John E. White (1905-2001)

Grandfather & Barbara ~ Dennisport, Massachusetts

…photo of Grandfather & me, taken by Larisa…

When we went down to visit Larisa & Dima last month, I was pleasantly surprised to find this picture of my grandfather and me pinned to their wall. Larisa must have taken it on one of our many trips to Cape Cod to see him, sometime between 1996 and 2001, I suspect closer to 1996. In either case, Grandfather was in his 90s when this was taken.

John E. White, my grandfather

Over the years I’ve been writing a biographical sketch about Grandfather on my family history website, which can be read here: John Everett & Emma Freeman (Thompson) White. And I mention him briefly on the Home page of the website.

But I want to tell a story about a very special time Grandfather & I had together, after my grandmother died and he came to visit me.

Grandfather had a mystery in his family history, a well-guarded secret that I discovered while doing some research. His father, Samuel, who married and settled in Abington, Massachusetts, would not answer any questions his sons asked him about where he was born or who his parents were. But, one day, he relented a little and decided to take his sons to meet their grandfather, William White, who lived in Old Mystic, Connecticut.

sextantGrandfather remembered coming to Mystic by train, as a small boy, with his father and his two brothers. From Mystic they took the trolley to Old Mystic and then walked “a great stretch” to his grandfather’s house. The boys slept in the attic and they saw a sextant stored there. The next day they went clam digging. Their grandfather, William, had a wife who was not their grandmother, and they were instructed to call her, “Aunt Martha.” It was the only time they ever went to visit their grandfather.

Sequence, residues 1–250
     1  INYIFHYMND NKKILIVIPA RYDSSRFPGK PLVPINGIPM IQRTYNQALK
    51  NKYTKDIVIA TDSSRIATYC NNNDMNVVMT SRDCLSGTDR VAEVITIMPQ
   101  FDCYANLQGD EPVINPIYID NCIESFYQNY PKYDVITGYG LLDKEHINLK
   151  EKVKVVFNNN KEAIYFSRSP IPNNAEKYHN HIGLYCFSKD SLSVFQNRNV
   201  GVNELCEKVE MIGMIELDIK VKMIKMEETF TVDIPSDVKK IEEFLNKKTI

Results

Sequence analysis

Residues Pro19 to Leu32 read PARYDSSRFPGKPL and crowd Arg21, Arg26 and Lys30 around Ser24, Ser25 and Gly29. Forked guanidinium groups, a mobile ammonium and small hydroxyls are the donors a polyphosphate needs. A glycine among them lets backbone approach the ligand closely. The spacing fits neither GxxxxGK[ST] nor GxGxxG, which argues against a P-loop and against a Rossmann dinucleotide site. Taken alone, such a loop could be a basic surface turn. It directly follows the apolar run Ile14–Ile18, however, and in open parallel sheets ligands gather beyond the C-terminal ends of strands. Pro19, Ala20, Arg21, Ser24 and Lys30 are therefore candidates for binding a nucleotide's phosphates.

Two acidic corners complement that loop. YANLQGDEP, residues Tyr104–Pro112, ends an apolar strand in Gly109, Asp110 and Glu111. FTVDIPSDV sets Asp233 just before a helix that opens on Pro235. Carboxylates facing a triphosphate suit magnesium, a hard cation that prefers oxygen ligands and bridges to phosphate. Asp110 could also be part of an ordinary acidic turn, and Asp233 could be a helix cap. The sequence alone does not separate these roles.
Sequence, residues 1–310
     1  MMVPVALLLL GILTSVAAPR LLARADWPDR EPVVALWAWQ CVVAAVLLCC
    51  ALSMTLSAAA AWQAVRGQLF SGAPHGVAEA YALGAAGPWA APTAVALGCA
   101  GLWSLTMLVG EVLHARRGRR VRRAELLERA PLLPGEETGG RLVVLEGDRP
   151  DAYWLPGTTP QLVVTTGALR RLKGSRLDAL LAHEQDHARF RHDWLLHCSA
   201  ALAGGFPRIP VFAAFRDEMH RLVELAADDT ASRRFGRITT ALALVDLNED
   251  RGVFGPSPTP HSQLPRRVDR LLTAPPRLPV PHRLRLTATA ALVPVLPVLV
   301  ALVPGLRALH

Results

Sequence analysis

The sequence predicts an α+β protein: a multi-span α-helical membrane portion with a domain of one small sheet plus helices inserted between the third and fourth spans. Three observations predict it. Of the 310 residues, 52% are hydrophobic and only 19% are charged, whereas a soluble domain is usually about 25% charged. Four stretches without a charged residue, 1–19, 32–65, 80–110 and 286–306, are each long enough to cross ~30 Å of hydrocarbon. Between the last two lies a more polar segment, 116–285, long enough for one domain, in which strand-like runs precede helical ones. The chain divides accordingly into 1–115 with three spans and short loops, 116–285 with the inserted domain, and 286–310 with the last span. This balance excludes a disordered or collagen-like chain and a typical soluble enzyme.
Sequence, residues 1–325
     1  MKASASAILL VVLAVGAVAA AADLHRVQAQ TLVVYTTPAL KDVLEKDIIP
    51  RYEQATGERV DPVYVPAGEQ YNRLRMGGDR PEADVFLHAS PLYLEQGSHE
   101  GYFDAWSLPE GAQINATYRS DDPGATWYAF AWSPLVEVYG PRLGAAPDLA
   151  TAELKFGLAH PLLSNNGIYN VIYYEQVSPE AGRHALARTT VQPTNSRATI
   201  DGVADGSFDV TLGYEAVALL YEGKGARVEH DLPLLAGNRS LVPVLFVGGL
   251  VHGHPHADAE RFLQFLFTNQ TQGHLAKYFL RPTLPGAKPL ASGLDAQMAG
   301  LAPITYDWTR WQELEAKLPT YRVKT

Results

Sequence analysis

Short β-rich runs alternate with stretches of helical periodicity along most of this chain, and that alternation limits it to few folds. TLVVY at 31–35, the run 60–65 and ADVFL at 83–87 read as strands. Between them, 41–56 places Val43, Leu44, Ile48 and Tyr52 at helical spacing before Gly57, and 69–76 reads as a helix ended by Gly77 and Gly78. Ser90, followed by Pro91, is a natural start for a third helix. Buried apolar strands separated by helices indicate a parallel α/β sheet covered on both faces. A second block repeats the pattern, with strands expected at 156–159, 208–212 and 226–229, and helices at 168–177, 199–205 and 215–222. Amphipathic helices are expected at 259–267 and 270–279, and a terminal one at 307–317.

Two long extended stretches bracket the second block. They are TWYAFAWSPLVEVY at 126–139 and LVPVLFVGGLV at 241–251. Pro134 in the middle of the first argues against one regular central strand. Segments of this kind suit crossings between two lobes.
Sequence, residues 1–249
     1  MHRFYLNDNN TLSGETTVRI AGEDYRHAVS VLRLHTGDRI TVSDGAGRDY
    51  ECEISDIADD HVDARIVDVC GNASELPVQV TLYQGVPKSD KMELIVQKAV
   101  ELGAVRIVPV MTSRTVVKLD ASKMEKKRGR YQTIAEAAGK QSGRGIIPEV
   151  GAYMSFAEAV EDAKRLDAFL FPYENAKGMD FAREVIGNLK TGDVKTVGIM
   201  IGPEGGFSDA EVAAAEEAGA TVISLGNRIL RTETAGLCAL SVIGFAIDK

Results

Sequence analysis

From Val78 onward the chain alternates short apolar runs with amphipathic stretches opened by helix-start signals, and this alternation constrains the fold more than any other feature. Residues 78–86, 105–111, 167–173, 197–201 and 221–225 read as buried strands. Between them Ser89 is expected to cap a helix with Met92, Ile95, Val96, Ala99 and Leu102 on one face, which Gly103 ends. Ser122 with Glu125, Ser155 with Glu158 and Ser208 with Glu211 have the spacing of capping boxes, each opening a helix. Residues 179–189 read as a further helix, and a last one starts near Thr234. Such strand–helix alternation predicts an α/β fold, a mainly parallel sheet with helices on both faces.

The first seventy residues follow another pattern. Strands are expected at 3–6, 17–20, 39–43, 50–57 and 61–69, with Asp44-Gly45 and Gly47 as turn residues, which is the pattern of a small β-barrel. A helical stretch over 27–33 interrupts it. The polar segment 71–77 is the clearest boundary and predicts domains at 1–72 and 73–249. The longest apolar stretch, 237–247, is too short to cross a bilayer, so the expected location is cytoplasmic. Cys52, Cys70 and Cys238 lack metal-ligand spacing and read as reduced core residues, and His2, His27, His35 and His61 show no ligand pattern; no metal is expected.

When Samuel was a child, he was told his mother had died. He did not get along with his stepmother (Martha), so he ran away as a  teenager. But doing some research I discovered the following about his mother, Ellen, in The Stonington Chronology 1649-1949, August 1865:

A scandalous month-while Wm M White of Wolf Neck, Stonington, was on a fishing voyage, his wife eloped with a gay deceiver named Pendleton who is also a deserter from the regular army. She left 2 children, one 6 mos. old, and took with her $500.

Samuel M. White, my great-grandfatherThis was at the end of the Civil War. It seems William & Ellen reconciled for a while after this incident, and had three more sons, but were finally divorced on 26 September 1876, when Samuel, the youngest was three years old.

I also found Ellen four years later, on the 1880 census, age 38, living in the Poor House of Stonington, claiming to be “a widow,” and living there with her were two young illegitimate children, born after she was divorced from William. Their birth records contain statements from William denying paternity.

I often wonder what my 2nd-great-grandparents were like. I don’t feel I can judge Ellen – perhaps William was cold or abusive and she felt driven to find love and comfort elsewhere. Or perhaps she was the irresponsible one, or most likely, they were poorly matched. It’s all very sad and Grandfather was not too pleased to hear about it.

1958 ~ Barbara & GrandfatherWilliam White’s house is just a few miles from where I live now. When Grandfather was visiting me in the summer of 1999, I asked him if he would like to see the house and he was thrilled with my proposal. After we drove down the driveway I decided to knock on the door and ask if the owner would mind if we took some pictures of the house, hoping they might offer to show us the inside, too. No one answered the door but I could hear two women’s voices in a nearby swimming pool. I tentatively found my way over to the pool and did my best not to startle them with my presence.

At first they were puzzled but when I finally managed to explain why we were there they were very excited to come meet my grandfather, who was waiting patiently in the car. They graciously invited us inside and showed us around and explained what changes and additions had been made in recent years. I could tell Grandfather was taking it all in and was deeply moved.